Top 5 Signs of a Bad Boss, and How to Deal With Yours
For most people, job stress is the most significant form of stress they have. The American Institute of Stress reports that 80% of workers feel stress at work, and four out of 10 workers say their jobs are either very stressful or extremely stressful. This stress in the workplace originates from job security, workload, work-life balance, and, of course, people issues.
In virtually every business environment, interaction is key to successful day-to-day operations. We interact with clients, co-workers, and our superiors. When we have an exceptional boss or manager, it makes life at work a bit easier — guards are down for the most part, and everyone is able to be on the same page.
On the other hand, having a bad manager or boss can result in higher levels of work-related stress and lower levels of employee satisfaction. Data published by Inc. indicates that a shocking 75% of employees report that their boss is the worst part of their job, and 65% say they’d take a new boss over a pay raise.
Sure, good employees make every effort to perform their best in any situation. However, employees are also conditioned to follow a leader, and when that leader is a mess, an employee may follow right behind. Harvard Business Review published the results of a study of 30,000 managers. The results indicated that over and over again, some 300,000 employees cited the same flaws among their bosses.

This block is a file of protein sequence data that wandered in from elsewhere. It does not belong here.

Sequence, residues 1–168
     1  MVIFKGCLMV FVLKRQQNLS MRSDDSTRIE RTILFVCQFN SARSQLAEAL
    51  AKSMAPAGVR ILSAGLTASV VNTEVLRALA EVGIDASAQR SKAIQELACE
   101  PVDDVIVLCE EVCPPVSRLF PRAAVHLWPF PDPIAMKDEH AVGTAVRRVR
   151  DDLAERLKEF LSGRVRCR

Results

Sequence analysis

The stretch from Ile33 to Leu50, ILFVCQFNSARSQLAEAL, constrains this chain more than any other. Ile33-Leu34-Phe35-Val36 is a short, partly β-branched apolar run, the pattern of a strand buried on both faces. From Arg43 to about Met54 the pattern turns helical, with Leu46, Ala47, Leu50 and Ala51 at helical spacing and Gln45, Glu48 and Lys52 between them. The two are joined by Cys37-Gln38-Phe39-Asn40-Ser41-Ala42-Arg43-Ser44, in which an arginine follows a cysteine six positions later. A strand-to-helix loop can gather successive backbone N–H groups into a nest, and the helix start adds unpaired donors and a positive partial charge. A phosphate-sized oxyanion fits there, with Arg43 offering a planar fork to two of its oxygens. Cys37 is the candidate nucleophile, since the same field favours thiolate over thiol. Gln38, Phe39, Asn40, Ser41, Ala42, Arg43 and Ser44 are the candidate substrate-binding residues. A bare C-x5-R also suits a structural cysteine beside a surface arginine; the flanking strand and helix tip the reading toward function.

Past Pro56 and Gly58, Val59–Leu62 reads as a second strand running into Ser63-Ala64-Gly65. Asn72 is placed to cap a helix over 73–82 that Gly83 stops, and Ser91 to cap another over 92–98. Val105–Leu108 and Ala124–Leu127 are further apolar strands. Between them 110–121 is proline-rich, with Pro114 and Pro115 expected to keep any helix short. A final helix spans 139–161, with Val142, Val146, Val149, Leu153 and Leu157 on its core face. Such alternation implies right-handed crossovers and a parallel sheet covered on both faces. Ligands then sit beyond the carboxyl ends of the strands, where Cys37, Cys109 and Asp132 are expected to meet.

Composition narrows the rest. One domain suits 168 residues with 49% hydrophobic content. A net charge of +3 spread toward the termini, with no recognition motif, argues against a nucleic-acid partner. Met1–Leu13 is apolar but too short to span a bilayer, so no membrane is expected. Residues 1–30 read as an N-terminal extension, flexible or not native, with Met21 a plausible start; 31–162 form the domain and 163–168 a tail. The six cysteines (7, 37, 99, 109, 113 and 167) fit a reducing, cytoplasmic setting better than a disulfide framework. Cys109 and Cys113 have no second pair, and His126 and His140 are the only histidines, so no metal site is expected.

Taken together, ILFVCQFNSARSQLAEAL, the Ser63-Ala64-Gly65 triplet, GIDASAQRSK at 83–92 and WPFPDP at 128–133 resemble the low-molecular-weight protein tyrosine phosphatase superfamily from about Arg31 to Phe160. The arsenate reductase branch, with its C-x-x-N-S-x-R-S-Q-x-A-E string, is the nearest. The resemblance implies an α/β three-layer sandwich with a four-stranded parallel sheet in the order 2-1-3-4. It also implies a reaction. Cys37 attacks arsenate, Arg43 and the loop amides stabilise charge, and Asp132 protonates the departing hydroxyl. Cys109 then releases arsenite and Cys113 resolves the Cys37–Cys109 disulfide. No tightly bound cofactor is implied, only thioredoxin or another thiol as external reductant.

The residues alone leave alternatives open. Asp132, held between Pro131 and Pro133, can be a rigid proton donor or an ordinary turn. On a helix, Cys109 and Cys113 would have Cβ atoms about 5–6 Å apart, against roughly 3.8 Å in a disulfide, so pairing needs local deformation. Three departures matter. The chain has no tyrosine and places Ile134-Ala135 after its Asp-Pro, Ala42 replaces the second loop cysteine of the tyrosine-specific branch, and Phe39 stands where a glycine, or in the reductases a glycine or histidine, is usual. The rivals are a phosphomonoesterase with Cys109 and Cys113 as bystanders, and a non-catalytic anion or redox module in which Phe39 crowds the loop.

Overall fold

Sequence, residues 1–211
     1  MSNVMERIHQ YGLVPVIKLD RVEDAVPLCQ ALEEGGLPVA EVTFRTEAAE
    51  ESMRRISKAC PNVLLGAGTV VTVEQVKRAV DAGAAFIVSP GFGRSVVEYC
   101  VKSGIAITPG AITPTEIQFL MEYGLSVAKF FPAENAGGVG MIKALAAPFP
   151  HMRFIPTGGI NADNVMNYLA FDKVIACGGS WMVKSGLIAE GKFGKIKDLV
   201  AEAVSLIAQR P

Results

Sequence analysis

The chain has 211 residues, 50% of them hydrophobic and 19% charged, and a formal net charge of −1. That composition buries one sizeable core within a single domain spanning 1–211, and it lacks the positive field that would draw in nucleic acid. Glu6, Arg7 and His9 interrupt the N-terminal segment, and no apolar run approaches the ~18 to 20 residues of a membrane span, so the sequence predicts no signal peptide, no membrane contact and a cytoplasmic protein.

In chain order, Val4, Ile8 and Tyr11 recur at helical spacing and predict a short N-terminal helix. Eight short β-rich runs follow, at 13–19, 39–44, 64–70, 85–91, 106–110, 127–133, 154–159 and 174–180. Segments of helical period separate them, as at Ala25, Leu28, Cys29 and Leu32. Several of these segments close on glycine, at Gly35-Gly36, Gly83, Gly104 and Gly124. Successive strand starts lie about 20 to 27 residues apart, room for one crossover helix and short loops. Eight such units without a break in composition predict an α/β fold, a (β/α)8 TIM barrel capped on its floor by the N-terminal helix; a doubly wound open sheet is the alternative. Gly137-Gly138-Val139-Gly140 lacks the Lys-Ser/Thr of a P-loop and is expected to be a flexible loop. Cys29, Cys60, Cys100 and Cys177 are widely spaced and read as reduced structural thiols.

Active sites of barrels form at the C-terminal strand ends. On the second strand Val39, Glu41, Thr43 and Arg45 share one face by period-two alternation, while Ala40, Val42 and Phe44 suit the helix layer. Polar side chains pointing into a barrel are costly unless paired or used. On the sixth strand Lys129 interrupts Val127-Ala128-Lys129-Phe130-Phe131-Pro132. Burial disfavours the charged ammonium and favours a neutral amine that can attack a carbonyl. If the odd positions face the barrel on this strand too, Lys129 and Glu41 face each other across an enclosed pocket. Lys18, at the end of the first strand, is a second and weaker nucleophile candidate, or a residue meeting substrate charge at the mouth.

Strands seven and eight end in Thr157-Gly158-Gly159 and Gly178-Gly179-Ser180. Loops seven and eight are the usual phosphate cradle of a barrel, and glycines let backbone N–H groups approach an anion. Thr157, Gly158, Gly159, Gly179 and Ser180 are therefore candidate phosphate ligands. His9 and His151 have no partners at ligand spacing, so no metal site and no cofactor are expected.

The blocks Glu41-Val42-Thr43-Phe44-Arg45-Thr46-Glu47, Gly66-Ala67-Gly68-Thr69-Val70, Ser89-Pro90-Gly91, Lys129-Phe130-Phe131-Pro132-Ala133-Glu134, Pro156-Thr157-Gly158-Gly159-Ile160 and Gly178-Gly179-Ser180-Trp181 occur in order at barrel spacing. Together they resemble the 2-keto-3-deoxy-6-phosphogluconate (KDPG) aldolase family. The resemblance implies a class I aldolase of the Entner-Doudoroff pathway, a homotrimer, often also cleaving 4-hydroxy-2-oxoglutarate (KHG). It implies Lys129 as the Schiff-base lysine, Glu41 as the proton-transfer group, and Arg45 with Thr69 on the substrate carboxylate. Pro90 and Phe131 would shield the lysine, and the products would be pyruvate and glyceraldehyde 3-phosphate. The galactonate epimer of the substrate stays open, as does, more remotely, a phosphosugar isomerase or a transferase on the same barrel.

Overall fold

Let’s take a closer look at those flaws and how you can get a handle on each situation.
1. Your boss fails to inspire
Oftentimes, when people think of a bad boss, images of a tyrant in a business suit yelling, “Do this now or you’re fired” at his or her subordinates may come to mind. While a bully does make a really bad boss, this was not the top reported complaint among workers.
The No. 1 complaint among employees pertaining to their bosses was a boss who failed to pump them up, failed to get anyone excited about the work they were doing, and neglected to make employees feel as if what they were doing was important. “Again and again failed leaders were described by their colleagues as unenthusiastic and passive. This was in fact the most noticeable of all their failings,” said Harvard Business Review.
What you can do: If your boss is a “monotonous Mikey,” or even if he or she makes you feel unimportant, it’s best to look for motivation and affirmation elsewhere. Particularly within yourself, but you can also find support and encouragement from your coworkers and family members. Also, keep in mind that numerical data and metrics generally paint pretty accurate pictures — use those numbers to guide you and motivate you, as well.
2. Your boss is OK with things being “just OK”
“So we’ve been meeting our monthly goals for the past two years — let’s keep meeting those goals,” your boss says to you in a team meeting. A boss who doesn’t reach for better or encourage his or her employees to try and do better is settling for “just OK.”
“The poorest leaders did not set stretch goals, inadvertently encouraging mediocre performance by letting people coast along doing less work, less well than their counterparts working for better managers,” according to Harvard Business Review.